Tools to Strengthen the Use of Evidence in Policies and Legislation in Africa (TSUE)



There is growing recognition of the importance of evidence, particularly evidence from evaluations, in national decision-making and the crucial role of parliamentarians and their support staff in ensuring that evidence-based approaches are used for strengthening oversight, budgeting resource appropriation, legislation, and policy making across all sectors. Parliamentarians and their staff need data and evidence to make decisions that effectively, equitably, and justly allocate resources and meet people’s social and economic needs.  However, they face major technical and political challenges related to the generation and the use of evidence to inform policies.  This challenge is acute in Africa given the dearth of information and analysis about the conditions, problems, and solutions of social and economic development.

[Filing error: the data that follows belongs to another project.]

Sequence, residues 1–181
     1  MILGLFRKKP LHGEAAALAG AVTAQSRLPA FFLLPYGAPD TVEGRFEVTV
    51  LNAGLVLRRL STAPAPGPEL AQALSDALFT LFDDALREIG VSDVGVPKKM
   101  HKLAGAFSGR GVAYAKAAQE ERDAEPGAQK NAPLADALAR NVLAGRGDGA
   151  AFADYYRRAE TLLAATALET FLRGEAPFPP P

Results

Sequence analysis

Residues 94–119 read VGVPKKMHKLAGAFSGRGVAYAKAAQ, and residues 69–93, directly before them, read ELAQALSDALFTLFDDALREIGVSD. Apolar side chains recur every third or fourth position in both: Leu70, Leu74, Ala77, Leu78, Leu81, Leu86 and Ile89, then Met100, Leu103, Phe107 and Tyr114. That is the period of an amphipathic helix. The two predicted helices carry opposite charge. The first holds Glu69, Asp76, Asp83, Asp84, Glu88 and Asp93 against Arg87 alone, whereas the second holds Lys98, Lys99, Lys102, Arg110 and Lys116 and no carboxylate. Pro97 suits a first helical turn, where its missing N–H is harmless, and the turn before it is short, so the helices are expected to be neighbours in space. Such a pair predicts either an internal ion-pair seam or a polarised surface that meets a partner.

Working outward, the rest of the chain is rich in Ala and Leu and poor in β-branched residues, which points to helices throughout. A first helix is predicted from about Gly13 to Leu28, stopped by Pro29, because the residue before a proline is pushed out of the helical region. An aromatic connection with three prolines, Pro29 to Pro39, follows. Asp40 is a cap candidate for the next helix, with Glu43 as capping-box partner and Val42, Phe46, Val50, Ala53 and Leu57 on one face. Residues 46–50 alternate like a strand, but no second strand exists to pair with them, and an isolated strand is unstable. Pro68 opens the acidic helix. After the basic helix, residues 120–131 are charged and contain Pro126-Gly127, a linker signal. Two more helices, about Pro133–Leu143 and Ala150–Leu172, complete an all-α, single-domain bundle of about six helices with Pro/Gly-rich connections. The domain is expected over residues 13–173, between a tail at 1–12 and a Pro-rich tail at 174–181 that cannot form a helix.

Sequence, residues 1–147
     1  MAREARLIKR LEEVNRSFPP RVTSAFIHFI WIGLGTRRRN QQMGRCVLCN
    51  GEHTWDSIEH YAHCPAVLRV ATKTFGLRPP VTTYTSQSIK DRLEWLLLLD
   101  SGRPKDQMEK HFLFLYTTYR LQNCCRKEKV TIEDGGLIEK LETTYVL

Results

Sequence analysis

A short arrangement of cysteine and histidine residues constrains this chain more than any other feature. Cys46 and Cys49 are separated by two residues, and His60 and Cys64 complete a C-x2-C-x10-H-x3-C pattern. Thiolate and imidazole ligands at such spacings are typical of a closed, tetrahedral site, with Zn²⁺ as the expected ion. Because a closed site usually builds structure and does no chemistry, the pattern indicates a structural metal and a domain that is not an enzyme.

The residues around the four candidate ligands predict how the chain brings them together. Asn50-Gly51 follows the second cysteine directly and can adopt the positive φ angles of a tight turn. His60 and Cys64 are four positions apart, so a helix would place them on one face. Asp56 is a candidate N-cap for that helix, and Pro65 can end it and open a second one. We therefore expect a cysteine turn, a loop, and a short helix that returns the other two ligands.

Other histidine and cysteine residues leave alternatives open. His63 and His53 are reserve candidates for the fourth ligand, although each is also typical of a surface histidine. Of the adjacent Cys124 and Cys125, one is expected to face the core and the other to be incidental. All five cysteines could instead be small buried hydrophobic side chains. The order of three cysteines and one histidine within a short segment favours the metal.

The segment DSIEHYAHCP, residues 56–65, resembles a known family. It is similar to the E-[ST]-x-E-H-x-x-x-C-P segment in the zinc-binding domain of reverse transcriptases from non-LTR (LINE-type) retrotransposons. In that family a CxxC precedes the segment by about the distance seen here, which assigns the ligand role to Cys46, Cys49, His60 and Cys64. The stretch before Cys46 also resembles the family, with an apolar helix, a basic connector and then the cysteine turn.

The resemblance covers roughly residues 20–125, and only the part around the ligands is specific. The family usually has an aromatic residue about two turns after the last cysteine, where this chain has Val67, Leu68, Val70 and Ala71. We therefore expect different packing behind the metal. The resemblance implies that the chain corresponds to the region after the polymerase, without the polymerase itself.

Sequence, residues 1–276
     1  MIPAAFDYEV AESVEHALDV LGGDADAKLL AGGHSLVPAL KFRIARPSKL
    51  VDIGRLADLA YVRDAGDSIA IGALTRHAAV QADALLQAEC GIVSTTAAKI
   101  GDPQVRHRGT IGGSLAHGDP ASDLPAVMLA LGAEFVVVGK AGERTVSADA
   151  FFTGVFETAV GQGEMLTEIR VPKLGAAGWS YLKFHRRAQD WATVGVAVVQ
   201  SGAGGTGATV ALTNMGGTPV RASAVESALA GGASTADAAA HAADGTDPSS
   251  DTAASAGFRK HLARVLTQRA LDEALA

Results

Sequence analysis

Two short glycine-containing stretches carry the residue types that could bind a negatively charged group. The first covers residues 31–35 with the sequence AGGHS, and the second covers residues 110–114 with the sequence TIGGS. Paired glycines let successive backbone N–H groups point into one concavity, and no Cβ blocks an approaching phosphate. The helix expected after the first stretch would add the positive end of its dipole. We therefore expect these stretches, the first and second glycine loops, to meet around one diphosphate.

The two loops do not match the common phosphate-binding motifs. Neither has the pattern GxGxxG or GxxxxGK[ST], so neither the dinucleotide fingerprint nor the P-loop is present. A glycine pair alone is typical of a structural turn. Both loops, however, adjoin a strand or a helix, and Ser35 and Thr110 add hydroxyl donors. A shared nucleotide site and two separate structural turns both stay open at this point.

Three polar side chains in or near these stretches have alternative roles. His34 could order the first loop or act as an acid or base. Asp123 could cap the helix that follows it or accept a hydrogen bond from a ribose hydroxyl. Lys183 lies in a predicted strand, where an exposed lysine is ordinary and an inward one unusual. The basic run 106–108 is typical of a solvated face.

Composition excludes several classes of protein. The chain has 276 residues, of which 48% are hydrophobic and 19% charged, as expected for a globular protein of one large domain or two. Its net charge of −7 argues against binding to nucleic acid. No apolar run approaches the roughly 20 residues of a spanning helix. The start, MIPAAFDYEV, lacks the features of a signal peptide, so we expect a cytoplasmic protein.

While there is some existing data pointing to the capacity gaps of African parliamentarians in using evidence in legislation and policies, including their M&E and data use skills needs, there is no comprehensive or detailed assessment of their specific challenges and needs or whether and how they currently access and use evidence in legislative drafting, policy formulation, and oversight


This project is aimed is to improve access to evidence used by parliamentarians and policy makers in their legislative and policy making work. The activity does not seek to evaluate parliaments and parliamentarians.  Rather, it is about helping elected representatives use data and evidence from evaluation and other sources, to make informed decisions. 

The proposed assessments and analytical activities will generate important insights into the challenges parliamentarians in Africa face when it comes to the generation and uptake of evidence as well as provide them and their staff with guides and tools they need to better access, understand and use evidence. 


Research team members

Prof Paul Sarfo-Mensah

Dr Ebenezer Owusu-Addo

Dr Albert Arhin



United States Department of Agriculture

University of Rhode Island